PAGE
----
By Charles Barnard
When I was a kid, Charles Barkley was one of my favorite NBA players. It probably had more to do with his name and initials than anything else, but I really liked “Sir Charles”.
During the course of his playing and broadcasting career, Barkley has never been one to shy away from controversy. Barkley started up a media storm last month when he expressed his opinions about analytics.
“I've always believed that analytics is crap.” Barkley said. “Analytics don’t work at all. It’s just some crap that people who were really smart made up to try and get in the game because they had no talent. Because they had no talent to be able to play, so smart guys wanted to fit in, so they made up a term called analytics. Analytics don’t work.” He went on to say “All these guys that run these organizations who talk about analytics have one thing in common: They’re a bunch of guys who ain’t never played the game, they never got the girls in high school, and they just want to get into the game.”
Ouch! As someone who has always loved analytics and stats in general that was a pretty harsh thing to say. Barkley’s comments were one of the main talking points in almost every sports radio show the next day. Many people agreed with what Barkley had to say. Others did not.
Needless to say I am in the camp that thinks Barkley is wrong. The ability to track and analyze stats is an extremely useful tool when it comes to sports. Stats can show you things that you might miss picking up on when watching a game. My favorite example of this actually comes from the movie Bull Durham.
Know what the difference between hitting .250 and .300 is? It's 25 hits. 25 hits in 500 at bats is 50 points, okay? There's 6 months in a season, that's about 25 weeks. That means if you get just one extra flare a week - just one - a gorp... you get a groundball, you get a groundball with eyes... you get a dying quail, just one more dying quail a week... and you're in Yankee Stadium. -Crash Davis
People that know baseball knows that the difference between batting .250 and .300 is huge. But by just watching every baseball game in a week will you really notice the difference if a player gets one more hit during that week? Probably not. Stats show us things that we might have missed otherwise. This is extremely important when trying to make decisions on who to play and when to play them.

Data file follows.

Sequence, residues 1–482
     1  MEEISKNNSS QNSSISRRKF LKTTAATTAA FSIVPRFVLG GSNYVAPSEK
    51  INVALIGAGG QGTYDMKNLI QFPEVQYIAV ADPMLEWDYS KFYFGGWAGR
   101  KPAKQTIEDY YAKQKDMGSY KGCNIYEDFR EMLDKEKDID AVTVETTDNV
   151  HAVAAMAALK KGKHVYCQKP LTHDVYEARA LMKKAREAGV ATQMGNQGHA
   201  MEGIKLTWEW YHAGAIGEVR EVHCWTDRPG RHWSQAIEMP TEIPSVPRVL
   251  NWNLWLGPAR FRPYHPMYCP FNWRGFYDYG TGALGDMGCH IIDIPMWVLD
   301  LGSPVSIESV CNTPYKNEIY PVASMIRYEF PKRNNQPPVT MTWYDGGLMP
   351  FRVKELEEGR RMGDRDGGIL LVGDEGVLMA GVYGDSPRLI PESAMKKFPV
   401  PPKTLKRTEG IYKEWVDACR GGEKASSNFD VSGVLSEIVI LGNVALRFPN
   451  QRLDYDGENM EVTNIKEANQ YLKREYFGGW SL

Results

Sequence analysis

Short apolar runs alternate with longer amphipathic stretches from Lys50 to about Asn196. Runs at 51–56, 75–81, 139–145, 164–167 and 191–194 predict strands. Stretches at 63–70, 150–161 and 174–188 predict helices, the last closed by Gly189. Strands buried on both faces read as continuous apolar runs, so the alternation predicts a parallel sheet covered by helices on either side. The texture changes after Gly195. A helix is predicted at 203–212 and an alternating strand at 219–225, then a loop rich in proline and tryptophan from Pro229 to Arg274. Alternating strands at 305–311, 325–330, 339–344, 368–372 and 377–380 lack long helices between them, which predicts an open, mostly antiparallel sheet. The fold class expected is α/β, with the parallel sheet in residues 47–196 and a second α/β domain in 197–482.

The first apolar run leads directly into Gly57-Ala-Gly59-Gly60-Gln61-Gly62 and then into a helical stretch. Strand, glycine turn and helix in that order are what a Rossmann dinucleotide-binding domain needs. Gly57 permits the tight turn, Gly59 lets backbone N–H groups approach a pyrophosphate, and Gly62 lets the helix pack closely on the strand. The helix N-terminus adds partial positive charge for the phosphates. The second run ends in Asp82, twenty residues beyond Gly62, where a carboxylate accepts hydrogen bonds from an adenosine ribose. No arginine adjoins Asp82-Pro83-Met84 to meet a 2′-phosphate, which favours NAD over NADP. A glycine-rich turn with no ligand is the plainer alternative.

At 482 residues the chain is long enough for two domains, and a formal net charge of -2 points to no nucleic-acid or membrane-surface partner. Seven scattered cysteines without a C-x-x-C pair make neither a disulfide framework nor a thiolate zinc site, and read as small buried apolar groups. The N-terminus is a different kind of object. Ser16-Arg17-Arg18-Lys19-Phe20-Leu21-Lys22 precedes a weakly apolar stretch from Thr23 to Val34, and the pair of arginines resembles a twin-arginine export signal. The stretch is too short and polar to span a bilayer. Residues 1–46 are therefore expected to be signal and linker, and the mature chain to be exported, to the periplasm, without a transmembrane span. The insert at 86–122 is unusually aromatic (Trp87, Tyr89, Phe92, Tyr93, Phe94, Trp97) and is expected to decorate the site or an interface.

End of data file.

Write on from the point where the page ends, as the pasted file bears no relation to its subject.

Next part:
The other thing about stats that is beneficial is that the stats themselves are emotionless. Sports are full of emotions. When people are watching sports they are going to see things through their own “rose colored glasses” depending on their emotions. They are going to look past a bad play by their favorite player. They are going to be more harsh on players they do not like. Stats don’t have any emotional biases.
So how does all of this apply to soccer? When compared to other sports like baseball and basketball, soccer doesn't really have that many stats. It is much harder to track what is happening on the field in soccer. Because of this many people don’t believe soccer analytics is that important. In my mind it is the opposite. These factors make soccer analytics more important.
Let me give you some examples. Soccer is a funny sport. You can sit next to your best friend while you watch a match and can come away seeing two very different games. You might think Player “A” had a great match when your friend thought he struggled. The perfect way to see this is to read any player grades after a match is over. I love to read Randal Serr’s player ratings over at RSL Soapbox. Randal does a wonderful job with these reports. Do I always agree with him? No, not at all. Does that mean he is wrong? Nope. He just sees different things than I do during the course of a match.
Soccer is not exempt from emotion clouding what you see on the field. In my mind the best example of this comes from former RSL player Lovel Palmer. Palmer played for RSL during the 2013 season and he really became a fan favorite. While I never had the chance to meet him personally, I have heard from many people that he is one of the nicest people on the planet. If you were to ask many RSL fans if they would like to have him back and playing for RSL they would say yes in a heartbeat. It makes sense. He is a really good dude and he played great. Well….while he might be a great guy he did not play great. Not at all.
In the 2013 season RSL had a really great goal differential of +16. When looking at goal differential on a players level Javier Morales led RSL with a +18. In fact every player on the RSL roster had a positive or at least an even goal differential that season except Lovel Palmer. Palmer came in with a -6. Not only was he the worst on the team, but he was the worst by a very wide margin.
I am not writing this to criticize Palmer’s play that season. The point is that many people didn't notice his poor play because their positive feelings for the player was masking his true play on the field.
Collecting stats and analyzing those stats are incredibly important. Do they tell the whole story? Absolutely not. Anyone that says so is wrong as well. But they are a vital tool that can be used to get a better understanding of what is happening on the field of play. Charles Barkley was right in one thing. I never played the game. But just because I didn't play doesn't mean I can’t find valuable pieces of information by looking at the stats. Is analytics “crap” like Barkley said. No, not at all.